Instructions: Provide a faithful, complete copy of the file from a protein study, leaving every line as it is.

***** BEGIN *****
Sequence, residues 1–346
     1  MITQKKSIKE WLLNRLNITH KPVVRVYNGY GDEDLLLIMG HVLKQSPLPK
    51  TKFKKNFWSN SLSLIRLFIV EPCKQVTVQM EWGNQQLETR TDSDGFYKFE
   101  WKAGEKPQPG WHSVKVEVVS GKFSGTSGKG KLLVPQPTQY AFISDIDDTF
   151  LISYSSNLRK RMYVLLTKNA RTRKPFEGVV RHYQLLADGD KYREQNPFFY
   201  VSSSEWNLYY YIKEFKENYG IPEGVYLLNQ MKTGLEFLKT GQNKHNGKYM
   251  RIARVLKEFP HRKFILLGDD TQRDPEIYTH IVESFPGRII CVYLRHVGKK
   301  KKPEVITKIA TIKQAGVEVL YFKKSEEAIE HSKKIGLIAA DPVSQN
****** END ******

Sequence, residues 1–346
     1  MITQKKSIKE WLLNRLNITH KPVVRVYNGY GDEDLLLIMG HVLKQSPLPK
    51  TKFKKNFWSN SLSLIRLFIV EPCKQVTVQM EWGNQQLETR TDSDGFYKFE
   101  WKAGEKPQPG WHSVKVEVVS GKFSGTSGKG KLLVPQPTQY AFISDIDDTF
   151  LISYSSNLRK RMYVLLTKNA RTRKPFEGVV RHYQLLADGD KYREQNPFFY
   201  VSSSEWNLYY YIKEFKENYG IPEGVYLLNQ MKTGLEFLKT GQNKHNGKYM
   251  RIARVLKEFP HRKFILLGDD TQRDPEIYTH IVESFPGRII CVYLRHVGKK
   301  KKPEVITKIA TIKQAGVEVL YFKKSEEAIE HSKKIGLIAA DPVSQN